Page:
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Indianapolis Public Schools scales back cuts to busing for hundreds of students

Close-up from outside a yellow school bus shows three young students wearing colorful face masks sitting in two rows.

Indianapolis Public Schools has eliminated busing for about 200 high school students in the 2021-22 school year.

Allison Shelley for American Education: Images of Teachers and Students in Action

To the relief of some families, Indianapolis Public Schools has scaled back plans to trim transportation and has provided district busing for 400 more students than previously announced.

Earlier, the district had outlined a cost-cutting plan to eliminate district bus service for about 600 high school students, who would have to walk to school or ride a city-run IndyGo bus. Parents raised safety concerns, including the lack of sidewalks in some neighborhoods where students would be forced to walk to school or to IndyGo stops. 

But apparently, it wasn’t a parental opinion that forced the district to rethink its plans, which now call for redirecting just 200 of the students to the city’s IndyGo bus system. 

Instead, IndyGo said it lacks sufficient drivers and also has reduced bus capacity because of the pandemic.

“As we work to recruit and rebuild those levels, we want to be mindful about where and when we introduce a concentrated number of passengers to the system at one time,” said IndyGo spokesperson Carrie Black.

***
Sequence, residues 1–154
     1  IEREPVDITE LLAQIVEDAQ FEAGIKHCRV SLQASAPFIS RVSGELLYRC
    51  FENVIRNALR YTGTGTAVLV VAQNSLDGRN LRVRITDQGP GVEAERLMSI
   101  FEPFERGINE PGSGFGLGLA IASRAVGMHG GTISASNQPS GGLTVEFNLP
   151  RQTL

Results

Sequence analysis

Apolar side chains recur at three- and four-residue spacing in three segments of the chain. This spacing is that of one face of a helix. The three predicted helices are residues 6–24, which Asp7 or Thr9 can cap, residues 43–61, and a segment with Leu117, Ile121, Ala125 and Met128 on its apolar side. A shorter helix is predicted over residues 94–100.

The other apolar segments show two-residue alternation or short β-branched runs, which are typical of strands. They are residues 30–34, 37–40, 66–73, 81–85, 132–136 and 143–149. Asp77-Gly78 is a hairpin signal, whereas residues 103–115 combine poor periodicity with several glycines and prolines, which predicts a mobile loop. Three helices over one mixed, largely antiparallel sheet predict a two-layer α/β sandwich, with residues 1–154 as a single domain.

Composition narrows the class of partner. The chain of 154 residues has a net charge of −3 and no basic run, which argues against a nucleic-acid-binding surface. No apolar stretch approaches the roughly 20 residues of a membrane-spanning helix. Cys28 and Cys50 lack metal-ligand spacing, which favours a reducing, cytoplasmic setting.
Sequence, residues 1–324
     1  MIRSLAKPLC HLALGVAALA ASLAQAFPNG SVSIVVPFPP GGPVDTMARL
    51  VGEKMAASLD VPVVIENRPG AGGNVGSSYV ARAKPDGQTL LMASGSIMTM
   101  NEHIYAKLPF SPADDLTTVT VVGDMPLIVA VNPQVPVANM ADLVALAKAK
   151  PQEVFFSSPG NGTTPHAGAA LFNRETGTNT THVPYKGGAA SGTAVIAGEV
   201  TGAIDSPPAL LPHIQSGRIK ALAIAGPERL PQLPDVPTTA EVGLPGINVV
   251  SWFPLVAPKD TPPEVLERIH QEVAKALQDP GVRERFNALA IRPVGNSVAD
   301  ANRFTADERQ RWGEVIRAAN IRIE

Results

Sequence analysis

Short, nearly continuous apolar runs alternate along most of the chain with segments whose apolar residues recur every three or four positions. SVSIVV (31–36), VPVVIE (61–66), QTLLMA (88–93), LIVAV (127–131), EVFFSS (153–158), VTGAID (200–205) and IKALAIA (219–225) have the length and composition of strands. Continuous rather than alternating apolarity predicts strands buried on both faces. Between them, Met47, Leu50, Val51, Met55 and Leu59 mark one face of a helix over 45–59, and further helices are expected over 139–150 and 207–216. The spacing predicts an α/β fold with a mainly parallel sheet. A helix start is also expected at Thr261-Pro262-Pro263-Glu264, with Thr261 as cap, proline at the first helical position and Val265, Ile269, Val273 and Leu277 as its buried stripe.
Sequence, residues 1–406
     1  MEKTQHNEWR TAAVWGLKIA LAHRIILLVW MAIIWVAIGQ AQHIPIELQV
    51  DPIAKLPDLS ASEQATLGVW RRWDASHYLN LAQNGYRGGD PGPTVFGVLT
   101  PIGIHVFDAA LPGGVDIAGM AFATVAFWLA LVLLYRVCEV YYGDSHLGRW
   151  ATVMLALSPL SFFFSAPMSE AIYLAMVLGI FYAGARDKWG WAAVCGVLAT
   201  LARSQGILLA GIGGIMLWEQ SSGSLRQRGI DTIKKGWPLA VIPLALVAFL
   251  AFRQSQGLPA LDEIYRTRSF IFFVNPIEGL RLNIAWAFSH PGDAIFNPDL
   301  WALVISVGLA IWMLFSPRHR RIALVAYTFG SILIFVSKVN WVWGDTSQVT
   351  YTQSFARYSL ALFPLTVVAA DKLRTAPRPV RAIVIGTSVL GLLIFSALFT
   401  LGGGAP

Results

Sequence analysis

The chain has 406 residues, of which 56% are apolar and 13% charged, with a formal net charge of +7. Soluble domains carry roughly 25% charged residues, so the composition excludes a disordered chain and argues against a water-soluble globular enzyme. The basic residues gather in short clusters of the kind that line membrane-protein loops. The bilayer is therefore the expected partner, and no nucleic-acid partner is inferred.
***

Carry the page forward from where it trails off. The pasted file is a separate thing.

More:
Earlier this year, the school district announced it would save from $200,000 to $1 million this school year by shifting some high school students to IndyGo buses. Now it will save on the lower end of that range, although the district did not provide Chalkbeat with an exact estimate. 

Indianapolis Public Schools officials have stressed the need to cut transportation spending by about $5 million this school year, including having more students walk to school and changing routes. Shifting some high school students to IndyGo would cover just a portion of that sum.  

“We’ve said in the beginning that we’re willing to modify if we need to in order to make that first year experience a smooth one for our students and families,” Superintendent Aleesia Johnson said last week. 

Even after scaling back busing, the district likely faces more cuts to transportation and other areas, partly because of dwindling enrollment and a budget deficit. Officials have calculated that the district has been spending up to twice as much per student on transportation than other similar urban districts.

District officials still hope to increase the number of high school students who ride IndyGo buses instead of school buses in future years.

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